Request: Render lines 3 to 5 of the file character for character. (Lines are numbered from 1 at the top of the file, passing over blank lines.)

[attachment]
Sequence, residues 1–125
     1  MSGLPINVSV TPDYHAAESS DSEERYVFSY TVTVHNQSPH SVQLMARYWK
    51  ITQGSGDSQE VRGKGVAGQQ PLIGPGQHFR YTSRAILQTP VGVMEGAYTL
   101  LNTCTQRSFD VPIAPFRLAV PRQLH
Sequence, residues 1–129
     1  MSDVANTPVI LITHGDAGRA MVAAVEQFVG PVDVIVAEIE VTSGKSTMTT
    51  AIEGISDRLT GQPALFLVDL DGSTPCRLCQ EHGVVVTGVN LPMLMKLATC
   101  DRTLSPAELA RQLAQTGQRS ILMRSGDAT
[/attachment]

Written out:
    51  ITQGSGDSQE VRGKGVAGQQ PLIGPGQHFR YTSRAILQTP VGVMEGAYTL
   101  LNTCTQRSFD VPIAPFRLAV PRQLH
Sequence, residues 1–129